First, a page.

Quirks in permission management with vCenter Content Libraries

First of all, Content Libraries are a pretty useful concept in larger environments. I especially use it for automatically sync between different vCenters that are physically separated. It also saves the user (usually a clueless sys/app admin) from browsing and finding files, replacing it with a flat list of items. Great huh?

Now the bad parts. Read all the way through because some things have implications and workarounds below.

No default access

That is normal. Annoying thing is that you also don’t get a default role for regular users (as in content consumers, not managers). I’m going to save you the hassle. You need a custom role with these privileges:

  • Content Library – Download files
  • Content Library – Read storage
  • Content Library – View configuration settings

Global Permissions with required inheritance

Content Library permissions are Global Permissions only and Content Libraries only inherit permissions – they do not have any explicit permissions of their own so you are forced to use “Propagate to children” flag.

Why is this a problem? Several things:

  • No privilege separation between libraries. You can’t have internal… “tenants” with separated content – it’s all shared. Yes – there’s overarching products for that but I’m talking basic vCenter functionality.
  • If you have several vCenters (with ELM), all permissions propagate to all libraries in all vCenters.

And the thing I hate the most. It’s impossible to create a custom role without implicit “Read-only” privileges. Believe me I’ve tried with different APIs. If you create a role, it always includes read-only privileges. Try it out and check results in PowerCLI. There are some privileges that cannot be removed. According to GSS, it’s by design.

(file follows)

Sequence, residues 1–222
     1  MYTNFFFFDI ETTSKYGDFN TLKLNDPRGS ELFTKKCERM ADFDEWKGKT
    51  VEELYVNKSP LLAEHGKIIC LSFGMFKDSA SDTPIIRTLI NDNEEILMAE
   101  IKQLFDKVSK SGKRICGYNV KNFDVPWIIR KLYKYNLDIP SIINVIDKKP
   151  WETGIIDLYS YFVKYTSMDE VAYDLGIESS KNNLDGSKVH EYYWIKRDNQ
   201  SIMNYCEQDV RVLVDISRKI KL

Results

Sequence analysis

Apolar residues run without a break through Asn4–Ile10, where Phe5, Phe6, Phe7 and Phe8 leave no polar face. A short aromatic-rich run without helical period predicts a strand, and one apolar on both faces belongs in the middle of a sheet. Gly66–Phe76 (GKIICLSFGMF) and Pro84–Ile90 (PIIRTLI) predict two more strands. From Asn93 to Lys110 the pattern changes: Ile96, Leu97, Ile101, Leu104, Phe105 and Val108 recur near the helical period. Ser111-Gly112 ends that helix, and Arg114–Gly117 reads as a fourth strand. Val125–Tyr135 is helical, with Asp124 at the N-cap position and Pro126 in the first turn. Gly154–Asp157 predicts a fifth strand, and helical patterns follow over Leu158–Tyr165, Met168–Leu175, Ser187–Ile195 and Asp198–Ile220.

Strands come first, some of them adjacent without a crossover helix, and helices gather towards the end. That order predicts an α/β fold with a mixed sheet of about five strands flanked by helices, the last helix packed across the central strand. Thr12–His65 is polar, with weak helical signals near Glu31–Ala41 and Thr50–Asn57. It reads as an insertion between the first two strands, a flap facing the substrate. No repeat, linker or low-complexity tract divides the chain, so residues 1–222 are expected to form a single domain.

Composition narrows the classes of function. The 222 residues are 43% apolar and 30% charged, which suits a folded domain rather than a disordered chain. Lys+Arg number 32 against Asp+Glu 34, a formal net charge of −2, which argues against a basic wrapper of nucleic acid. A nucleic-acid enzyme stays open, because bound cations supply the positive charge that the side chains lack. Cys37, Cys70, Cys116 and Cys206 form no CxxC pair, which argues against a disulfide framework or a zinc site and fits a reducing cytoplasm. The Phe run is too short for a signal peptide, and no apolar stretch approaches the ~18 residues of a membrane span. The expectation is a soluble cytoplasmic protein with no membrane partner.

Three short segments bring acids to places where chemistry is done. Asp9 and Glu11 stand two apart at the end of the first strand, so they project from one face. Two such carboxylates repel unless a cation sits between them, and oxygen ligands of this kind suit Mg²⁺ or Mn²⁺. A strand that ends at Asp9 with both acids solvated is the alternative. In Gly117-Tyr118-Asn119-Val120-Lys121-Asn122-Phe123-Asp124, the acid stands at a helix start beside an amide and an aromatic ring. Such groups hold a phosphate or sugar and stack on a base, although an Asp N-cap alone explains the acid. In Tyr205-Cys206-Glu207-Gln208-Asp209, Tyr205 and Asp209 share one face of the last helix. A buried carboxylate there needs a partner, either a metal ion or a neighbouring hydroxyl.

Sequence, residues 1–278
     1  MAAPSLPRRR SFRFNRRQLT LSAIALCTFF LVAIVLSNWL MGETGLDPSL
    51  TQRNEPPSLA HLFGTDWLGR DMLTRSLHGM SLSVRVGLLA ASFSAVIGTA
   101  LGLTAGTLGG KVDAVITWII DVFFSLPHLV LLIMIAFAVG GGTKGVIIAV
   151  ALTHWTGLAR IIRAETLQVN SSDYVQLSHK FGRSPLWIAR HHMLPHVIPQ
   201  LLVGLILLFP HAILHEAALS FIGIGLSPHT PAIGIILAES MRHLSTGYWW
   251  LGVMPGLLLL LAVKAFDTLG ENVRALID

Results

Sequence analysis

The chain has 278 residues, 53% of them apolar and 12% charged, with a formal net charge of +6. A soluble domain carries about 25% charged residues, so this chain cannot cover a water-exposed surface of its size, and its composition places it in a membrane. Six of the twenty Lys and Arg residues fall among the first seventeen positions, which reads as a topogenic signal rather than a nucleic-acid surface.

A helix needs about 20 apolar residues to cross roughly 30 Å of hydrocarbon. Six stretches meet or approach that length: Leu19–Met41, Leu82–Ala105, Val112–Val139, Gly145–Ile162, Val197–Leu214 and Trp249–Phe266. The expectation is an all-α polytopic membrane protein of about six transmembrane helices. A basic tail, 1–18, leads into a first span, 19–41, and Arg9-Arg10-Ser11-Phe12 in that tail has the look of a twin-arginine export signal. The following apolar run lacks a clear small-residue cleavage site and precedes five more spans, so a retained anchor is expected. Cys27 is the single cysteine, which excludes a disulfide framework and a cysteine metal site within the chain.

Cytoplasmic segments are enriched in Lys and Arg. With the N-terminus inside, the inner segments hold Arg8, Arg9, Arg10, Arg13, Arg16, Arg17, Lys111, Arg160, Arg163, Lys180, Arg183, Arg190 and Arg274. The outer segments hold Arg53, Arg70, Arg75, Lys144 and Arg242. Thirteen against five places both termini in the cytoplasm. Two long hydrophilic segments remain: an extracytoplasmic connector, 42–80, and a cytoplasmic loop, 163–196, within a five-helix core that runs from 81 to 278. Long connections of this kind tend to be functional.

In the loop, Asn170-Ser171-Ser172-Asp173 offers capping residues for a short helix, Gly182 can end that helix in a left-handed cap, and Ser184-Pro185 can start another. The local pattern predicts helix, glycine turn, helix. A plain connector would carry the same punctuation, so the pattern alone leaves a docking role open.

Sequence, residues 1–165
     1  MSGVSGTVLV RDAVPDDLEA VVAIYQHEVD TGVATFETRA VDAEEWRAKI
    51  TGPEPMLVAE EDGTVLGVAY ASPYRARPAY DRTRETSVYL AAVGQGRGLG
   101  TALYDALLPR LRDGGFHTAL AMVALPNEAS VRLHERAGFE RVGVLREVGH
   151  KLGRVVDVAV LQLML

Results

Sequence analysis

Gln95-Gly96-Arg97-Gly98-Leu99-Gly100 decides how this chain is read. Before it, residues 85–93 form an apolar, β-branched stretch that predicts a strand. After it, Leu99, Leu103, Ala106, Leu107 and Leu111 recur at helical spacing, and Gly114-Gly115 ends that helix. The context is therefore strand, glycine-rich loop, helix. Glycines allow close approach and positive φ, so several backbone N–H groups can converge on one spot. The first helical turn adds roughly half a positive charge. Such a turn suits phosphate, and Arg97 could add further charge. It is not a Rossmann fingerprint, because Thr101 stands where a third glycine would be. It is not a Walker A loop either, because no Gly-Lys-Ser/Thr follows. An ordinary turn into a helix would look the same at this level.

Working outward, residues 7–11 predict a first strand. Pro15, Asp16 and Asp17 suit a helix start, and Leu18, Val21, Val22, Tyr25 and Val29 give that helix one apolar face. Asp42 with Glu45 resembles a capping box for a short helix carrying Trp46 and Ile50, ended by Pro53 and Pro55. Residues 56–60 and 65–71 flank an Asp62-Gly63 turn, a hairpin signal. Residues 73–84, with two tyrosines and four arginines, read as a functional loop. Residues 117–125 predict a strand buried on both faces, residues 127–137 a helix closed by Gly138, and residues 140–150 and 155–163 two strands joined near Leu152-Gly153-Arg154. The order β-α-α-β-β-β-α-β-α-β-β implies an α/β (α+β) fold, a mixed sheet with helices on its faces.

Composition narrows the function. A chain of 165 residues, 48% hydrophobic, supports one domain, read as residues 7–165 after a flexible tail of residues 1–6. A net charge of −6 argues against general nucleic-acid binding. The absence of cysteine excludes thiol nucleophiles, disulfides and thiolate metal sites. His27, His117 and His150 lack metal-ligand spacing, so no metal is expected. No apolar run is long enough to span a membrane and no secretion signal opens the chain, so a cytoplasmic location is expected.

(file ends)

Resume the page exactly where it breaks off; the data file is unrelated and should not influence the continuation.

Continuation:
Implication is that it’s harder to have delegated minimal permissions on objects. Everybody that needs library access will see every object in all vCenters due to inherited implicit read-only, even if you haven’t delegated any permissions. Pretty bad (confidentiality between delegated users) or just annoying (seeing possibly thousands of objects that have no relevance to user) depending on your environment.

Luckily there’s a simple workaround – overwrite permissions with “No access” on vCenter level (every vCenter that is). This built-in role is the only one that does not include read-only. That is – if your delegated permissions don’t require vCenter permissions, I can’t see a reason for that right now. As you probably have delegated permissions somewhere below, they will overwrite “No access” again and delegated access will work. Funny thing – if you clone “No access” role, the new role gets read-only added…

ISO mount requires “Read-only” on Content Library datastore

This took some thinking and trying to figure out. Let’s say your library is stored on a VMFS datastore that is not visible to your users. Sounds reasonable, it’s backend stuff after all and users should have no business there directly.

Now, deploying templates from this library on hidden datastore will work fine. However when you want to mount ISOs, you get an empty list. If you add “Read-only” to this datastore, it’ll start working. Keep in mind that this role will only show object metadata (and show it in any datastore list with no actionable features), but users can’t see contents or change/write anything.

Maybe will update, if I’ll find something else.